Lap 17 saw the skies darken again. While the leaders switched to the medium-compound tires at the end of lap 19, expecting about the same amount of moisture as they saw at the start of the race, Mercedes-AMG, Subaru, and Volkswagen forecasted a heavier downpour because they all went with the wet tires.

As the rain came down harder, Kylian Drumont in the Subaru passed Baptiste Beauvois in the Mercedes-AMG, taking over 5th place on lap 21. As the downpour intensified, the two cars began trimming the gap of the lead cars, leaving a white spray of water in their wake. Their cars were about three seconds a lap quicker than their opponents who ran on the medium-compound tires; therefore, it was only a matter of time until the BRZ and AMG GT3 caught the leaders if the rain continued.

And it did. The Subaru moved into P3 on lap 24, with only the Toyota Supra and Genesis X in front of it by a mere 3.5 seconds. Realizing that it was a sitting duck, Toyota decided to roll the dice and place fate in its own hands. It made its third pitstop of the race, sacrificing the 25-or-so-second procedure to swap for the rain tires! Fraga jumped back into the driver’s seat and returned to the track in 6th place. He had five laps left to work his way back into contention. If anyone could do it, it was the 2018 Nations Cup champion.

Beauvois forced his Mercedes-AMG into the lead on lap 25 through Turn 10, getting by both Subaru and Genesis, but lost control on the entry into Turn 11, ending up in the gravel. This knocked the AMG GT3 out of contention, handing the overall lead to Drumont and the Subaru BRZ.

The next few laps saw a ferocious charge by Fraga in the Toyota Supra, as he quickly worked his way back up the field, moving into 2nd place after overtaking José Serrano in the Porsche 911 RSR on lap 27. It was now a winner-take-all scenario between Subaru and Toyota: Whoever won the race won the series championship.

Unfortunately for Fraga, he couldn’t get his Toyota closer than 1.5 seconds to the Subaru, as Drumont took the checkered flag and handed Subaru the 2022 Manufacturers Cup championship. Although both teams were tied with 20 points apiece, Subaru claimed the championship because of its Grand Final victory. It was the second championship for Subaru in three years.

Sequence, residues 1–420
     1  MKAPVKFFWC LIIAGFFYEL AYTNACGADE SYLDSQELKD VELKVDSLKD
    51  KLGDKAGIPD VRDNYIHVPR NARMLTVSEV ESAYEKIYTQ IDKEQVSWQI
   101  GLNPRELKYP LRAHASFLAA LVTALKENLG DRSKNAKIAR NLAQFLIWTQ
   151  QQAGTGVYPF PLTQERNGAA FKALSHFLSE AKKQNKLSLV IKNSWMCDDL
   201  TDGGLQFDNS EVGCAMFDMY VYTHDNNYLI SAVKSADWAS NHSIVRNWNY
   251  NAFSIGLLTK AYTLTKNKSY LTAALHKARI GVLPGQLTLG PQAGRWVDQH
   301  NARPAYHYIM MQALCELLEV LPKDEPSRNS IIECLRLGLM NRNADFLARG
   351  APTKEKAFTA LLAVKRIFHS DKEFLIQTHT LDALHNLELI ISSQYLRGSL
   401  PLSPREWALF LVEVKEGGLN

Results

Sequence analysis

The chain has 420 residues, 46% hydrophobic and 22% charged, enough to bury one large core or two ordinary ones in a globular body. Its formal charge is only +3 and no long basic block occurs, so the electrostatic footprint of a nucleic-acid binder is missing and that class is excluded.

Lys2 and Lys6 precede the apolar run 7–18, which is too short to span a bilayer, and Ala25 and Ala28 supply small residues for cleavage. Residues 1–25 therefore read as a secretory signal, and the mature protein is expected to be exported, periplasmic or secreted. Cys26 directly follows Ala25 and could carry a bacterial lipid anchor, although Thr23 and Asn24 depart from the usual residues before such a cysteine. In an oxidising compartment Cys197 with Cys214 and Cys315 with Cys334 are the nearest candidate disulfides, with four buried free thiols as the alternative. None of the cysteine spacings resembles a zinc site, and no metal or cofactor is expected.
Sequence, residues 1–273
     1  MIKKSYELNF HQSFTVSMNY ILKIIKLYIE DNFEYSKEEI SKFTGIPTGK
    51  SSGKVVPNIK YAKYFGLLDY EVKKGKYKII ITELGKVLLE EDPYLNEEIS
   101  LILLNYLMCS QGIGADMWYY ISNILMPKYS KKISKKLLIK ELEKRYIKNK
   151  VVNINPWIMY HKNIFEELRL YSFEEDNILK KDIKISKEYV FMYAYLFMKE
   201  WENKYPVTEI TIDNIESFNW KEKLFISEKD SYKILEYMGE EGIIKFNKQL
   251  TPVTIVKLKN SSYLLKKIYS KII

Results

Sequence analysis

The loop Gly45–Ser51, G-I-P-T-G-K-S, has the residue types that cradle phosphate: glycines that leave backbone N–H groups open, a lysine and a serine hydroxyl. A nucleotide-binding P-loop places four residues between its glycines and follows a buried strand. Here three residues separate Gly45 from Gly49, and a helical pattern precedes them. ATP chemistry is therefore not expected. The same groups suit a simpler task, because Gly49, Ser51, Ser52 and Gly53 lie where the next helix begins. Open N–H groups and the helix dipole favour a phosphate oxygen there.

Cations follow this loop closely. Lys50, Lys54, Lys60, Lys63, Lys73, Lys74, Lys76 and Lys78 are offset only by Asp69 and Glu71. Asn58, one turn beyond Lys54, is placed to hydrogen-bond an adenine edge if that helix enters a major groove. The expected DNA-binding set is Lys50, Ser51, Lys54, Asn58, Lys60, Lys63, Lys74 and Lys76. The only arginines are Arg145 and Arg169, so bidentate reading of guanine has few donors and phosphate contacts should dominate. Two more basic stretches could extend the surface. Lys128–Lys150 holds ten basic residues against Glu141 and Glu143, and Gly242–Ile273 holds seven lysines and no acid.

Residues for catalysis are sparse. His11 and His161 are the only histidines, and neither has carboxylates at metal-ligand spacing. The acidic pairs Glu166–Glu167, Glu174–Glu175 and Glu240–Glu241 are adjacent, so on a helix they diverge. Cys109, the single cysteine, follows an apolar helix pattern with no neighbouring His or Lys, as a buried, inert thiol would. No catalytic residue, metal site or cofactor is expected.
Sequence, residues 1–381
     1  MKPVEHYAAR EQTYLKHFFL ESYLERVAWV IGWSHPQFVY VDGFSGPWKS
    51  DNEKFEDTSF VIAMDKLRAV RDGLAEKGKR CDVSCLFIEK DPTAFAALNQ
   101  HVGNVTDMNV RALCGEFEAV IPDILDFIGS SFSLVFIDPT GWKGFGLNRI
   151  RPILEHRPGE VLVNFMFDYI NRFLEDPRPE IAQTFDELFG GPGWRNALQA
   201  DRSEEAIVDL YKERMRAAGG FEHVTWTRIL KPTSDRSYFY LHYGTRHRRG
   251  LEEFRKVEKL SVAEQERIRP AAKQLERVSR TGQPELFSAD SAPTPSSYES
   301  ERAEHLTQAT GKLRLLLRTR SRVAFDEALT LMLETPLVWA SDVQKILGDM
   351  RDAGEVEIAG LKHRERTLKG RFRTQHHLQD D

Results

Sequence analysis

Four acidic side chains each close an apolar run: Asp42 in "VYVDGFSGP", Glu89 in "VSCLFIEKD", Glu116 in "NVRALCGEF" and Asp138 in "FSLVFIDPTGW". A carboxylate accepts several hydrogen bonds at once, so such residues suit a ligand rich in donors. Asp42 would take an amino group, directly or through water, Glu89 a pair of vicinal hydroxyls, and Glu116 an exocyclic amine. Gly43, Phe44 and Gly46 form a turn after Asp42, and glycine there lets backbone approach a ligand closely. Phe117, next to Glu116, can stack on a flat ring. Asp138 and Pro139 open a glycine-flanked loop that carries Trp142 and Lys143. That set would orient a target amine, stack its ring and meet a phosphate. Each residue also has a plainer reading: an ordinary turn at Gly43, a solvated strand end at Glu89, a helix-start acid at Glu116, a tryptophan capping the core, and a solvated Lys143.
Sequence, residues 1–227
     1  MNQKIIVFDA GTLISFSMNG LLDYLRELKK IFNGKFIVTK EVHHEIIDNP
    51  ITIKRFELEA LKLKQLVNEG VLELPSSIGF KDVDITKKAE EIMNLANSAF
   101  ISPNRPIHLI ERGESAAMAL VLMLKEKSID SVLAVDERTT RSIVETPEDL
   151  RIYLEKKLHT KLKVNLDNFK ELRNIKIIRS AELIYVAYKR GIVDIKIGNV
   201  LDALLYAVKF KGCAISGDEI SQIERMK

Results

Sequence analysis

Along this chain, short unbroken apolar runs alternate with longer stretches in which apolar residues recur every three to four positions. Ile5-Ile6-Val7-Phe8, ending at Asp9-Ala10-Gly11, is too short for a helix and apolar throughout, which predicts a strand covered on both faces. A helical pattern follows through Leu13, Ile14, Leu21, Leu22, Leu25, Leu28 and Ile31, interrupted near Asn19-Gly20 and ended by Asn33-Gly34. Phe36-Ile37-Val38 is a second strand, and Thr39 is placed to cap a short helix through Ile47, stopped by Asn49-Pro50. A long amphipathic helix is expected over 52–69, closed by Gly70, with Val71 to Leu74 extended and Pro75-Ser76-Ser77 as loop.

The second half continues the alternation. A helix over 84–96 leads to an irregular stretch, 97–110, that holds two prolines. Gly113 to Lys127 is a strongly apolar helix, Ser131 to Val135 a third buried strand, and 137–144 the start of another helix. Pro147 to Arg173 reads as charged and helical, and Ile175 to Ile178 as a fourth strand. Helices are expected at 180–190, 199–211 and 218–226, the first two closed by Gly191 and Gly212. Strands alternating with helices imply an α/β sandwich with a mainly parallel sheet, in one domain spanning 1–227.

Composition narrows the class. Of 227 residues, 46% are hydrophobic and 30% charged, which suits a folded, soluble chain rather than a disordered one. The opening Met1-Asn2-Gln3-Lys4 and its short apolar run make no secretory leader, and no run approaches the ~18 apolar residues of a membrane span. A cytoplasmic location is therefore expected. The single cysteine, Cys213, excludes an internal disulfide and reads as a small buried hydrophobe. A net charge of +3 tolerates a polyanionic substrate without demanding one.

The following were the comments from the members of Team Subaru after the race.

Kylian Drumont: “The weather was out of control, but that’s the way of life. When the rain began coming back, I wanted to go with the full wet tires because I thought it would be a good strategy, and it ended up being so.”

Takuma Miyazono: “I spun during my stint and lost about 10 seconds, so I couldn’t really do anything good, but I was saved by Kylian and Daniel, and in the end, we produced this result. I really feel that it was because of them.”

Daniel Solis: “This time being a champion on stage instead of not being on stage when we won in 2020 is unbelievable. It felt a little hollow back then, but to now be here is just amazing!”

Gran Turismo World Series 2022 Manufacturers Cup - World Finals

Rank Manufacturer / Drivers Time
1 Subaru Kylian Drumont / Daniel Solis / Takuma Miyazono 1:15:00.641
2 Toyota Nikita Moysov / Ryota Kokubun / Igor Fraga + 02.596
3 Mercedes-AMG Lucas Bonelli / Baptiste Beauvois / Syunsuke Tsuboi + 03.817
4 Porsche Angel Inostroza / José Serrano / Takuma Sasaki + 04.805
5 Genesis Yuito Sasaki / Nicolas Romero / Dean Heldt + 26.645
6 Volkswagen Seiya Suzuki / Roberto Sternberg / Thomas Labouteley + 30.262
7 Mazda Soki Nabetani / Giorgio Mangano / Andrew Brooks + 32.445
8 Honda Valerio Gallo / João Pessôa / Matthew McEwen + 33.950
9 Lexus Quinten Jehoul / Donovan Parker / Kanata Kawakami + 34.162
10 McLaren Konstantinos Konstantinou / Hayato Imazato / Ethan Lim + 34.538
11 Nissan Mateo Estevez / Mehdi Hafidi / Hiroshi Okumoto + 39.084
12 BMW José Brea / Yuki Kodaka / Randall Haywood DNF